One of the critical problems resulting from the Bokoharam insurgency in northeastern Nigeria is the crisis of the Internally Displaced Persons (IDPs). The United Nations Refugee Agency (UNHCR) reported that more than 2.9 million people were displaced in the northeast as of December 2021. The IDPs in the region move from one location to the other in search of safety, with some experiencing multiple displacements due to a convergence of conflicts. There are deaths and displacement along with loss of livelihood and supportive existential systems. They often experience human rights abuses and have many unmet needs with more adverse effects on vulnerable groups such as women, children and people with disabilities.
In partnership with the global community, the Nigerian government has supported IDPs by building camps, supplying food, evacuating victims of insurgency from terror locations and signing the Kampala Convention to protect IDPs, among others. While many humanitarian and diplomatic interventions in Nigeria focus on livelihoods, the situation is rapidly moving towards IDP resettlement and reintegration. This shift, by necessity, requires a critical assessment of the data process protocols in the context of humanitarianism and displacement in Nigeria, as data is central to practical understanding and improved humanitarian protection systems. Unfortunately, the data process necessary to provide effective and sustainable assistance to displaced persons in northeastern Nigeria is lacking. Reliable and valid humanitarian data are critical to designing and implementing practical and sustainable interventions. Such humanitarian data should be collected responsibly and ethically.
The need to collect humanitarian data using ethical standards is the focus of our research project with the Data and Displacement Research Team at the University of Warwick, United Kingdom and the University of Ibadan, Nigeria (www.warwick.ac.uk/datadisplacement). This project, led by Prof Vicki Squire, is funded by the UK Arts and Humanities Research Council and Foreign, Commonwealth and Development Office (AHRC\FCDO). The research involved 50 IDPs in five camps in Maiduguri, Borno state and 20 stakeholders and practitioners from 2021 to 2022. We further explore this issue in our report entitled Humanitarian Crises and Internally Displaced Persons in Nigeria: A Situation Analysis (Olufunke Fayehun and Olayinka Akanle 2022).
So far, our work shows that the humanitarian data process in northeastern Nigeria faces several challenges. First, personnel, technological and infrastructural gaps affect the coherence of data storage and handling processes. Data banks are available but are spread across divergent institutions and actors, generating reliability and systematization issues. Second, there are procedural and administrative obstacles in defining vulnerability. These created significant irregularities in the classifications and identifications of the most vulnerable IDPs in the camps. Third, engagement with IDP communities has been a challenge. In other words, those who collect data fail to effectively engage affected IDP communities in the production and use of data. The IDPs reported that they had at one time or the other given out their data to different organisations, but did not know what the data collected was used for or why it was requested. Fourth, and most crucial, is the challenge of inconsistency or limited application of ethical systems in data collection, storage, sharing and utilization. Full information disclosure and comprehension by IDPs often appear to be neglected in the data collection.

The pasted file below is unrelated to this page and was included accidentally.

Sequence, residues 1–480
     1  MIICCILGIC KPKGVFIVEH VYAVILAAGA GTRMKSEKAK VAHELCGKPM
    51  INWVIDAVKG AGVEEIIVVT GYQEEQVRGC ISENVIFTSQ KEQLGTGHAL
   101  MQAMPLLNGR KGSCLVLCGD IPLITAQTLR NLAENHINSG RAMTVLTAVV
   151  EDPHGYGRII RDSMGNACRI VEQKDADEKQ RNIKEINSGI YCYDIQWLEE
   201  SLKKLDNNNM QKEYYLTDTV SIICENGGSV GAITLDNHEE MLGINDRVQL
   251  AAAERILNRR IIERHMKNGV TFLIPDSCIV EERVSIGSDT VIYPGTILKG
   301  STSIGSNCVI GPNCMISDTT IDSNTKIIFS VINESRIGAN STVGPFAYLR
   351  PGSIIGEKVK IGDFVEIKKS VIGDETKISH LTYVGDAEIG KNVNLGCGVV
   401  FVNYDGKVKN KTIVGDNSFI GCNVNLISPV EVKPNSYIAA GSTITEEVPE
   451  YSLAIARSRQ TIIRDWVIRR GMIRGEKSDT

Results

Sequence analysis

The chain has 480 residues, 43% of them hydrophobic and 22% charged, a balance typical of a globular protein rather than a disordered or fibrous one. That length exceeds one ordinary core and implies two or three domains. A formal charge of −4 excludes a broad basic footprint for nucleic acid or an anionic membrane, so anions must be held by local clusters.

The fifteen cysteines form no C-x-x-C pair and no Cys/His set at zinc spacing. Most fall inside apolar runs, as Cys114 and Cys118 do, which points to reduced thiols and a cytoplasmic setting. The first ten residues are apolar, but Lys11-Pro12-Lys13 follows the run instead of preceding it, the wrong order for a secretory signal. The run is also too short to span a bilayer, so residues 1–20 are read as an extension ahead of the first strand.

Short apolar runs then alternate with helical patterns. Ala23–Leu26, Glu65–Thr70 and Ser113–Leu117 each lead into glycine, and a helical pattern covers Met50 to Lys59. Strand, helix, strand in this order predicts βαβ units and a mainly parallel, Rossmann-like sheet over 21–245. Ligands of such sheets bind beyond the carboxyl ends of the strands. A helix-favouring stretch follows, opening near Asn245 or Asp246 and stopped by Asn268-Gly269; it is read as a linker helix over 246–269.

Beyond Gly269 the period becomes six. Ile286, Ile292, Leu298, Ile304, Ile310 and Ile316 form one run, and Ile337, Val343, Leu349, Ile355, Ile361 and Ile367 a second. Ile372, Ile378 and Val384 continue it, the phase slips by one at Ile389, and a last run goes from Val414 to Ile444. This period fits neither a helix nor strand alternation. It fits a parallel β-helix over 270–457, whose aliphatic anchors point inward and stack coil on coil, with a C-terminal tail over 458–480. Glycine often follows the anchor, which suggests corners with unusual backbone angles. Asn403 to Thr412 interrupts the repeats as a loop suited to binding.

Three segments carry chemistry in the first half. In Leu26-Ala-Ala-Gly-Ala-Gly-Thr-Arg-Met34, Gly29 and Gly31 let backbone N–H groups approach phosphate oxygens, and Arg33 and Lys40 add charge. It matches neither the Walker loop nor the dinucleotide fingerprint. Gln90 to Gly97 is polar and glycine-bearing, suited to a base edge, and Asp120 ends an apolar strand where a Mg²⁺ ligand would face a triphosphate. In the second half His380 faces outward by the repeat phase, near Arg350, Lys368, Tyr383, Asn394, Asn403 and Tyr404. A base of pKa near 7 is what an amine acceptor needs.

How do we improve the living conditions of Internally displaced persons in northeast Nigeria? We must enhance technological and infrastructural facilities. Rigourous capacity building must be pursued within and outside the camps to aid data collection, storage and utilization performances. We must also advance understanding and build consensus around the multiple vulnerabilities in IDP camps. At the core of all these is the need to appreciate the necessity of ethical-data-driven humanitarian practices for efficiency, effectiveness, and sustainability. This process must involve a commitment to improving IDP data literacies and access as well as reinforcing and institutionalizing ethical systems and values in collecting data from IDPs in camps and urban settings.
Ethical data collection and management processes are central to improving sustainable humanitarian assistance to displaced populations. The Nigerian government and critical stakeholders in the humanitarian corridors must review and implement appropriate policies to improve the living conditions of the IDPs. Further, collecting ethical qualitative data can ensure an understanding of the social context through which they live. Through this, we can know how displaced populations move, the challenges confronting them, and plan adequately for unintended consequences that such movement may cause. Moreover, the humanitarian data process must adhere to ethical principles such as humanity (considering their sufferings and ensuring their dignity), neutrality (data collectors must should not be politically motivated), impartiality (there should be no bias based on sex, religion, ethnicity or age), and independence (humanitarian organizations accessing such data must be free from social, political, economic and military issues which inhibit their services when needed).
Safe, ethical and effective humanitarian data management will ensure that issues uncovered by the data will bring out evidence-based interventions. Adhering and committing to a responsible and ethical humanitarian data process will improve the lives of IDPs in northeast Nigeria.
Dr. Fayehun, an Associate Professor at the
Department of Sociology, Univesity of Ibadan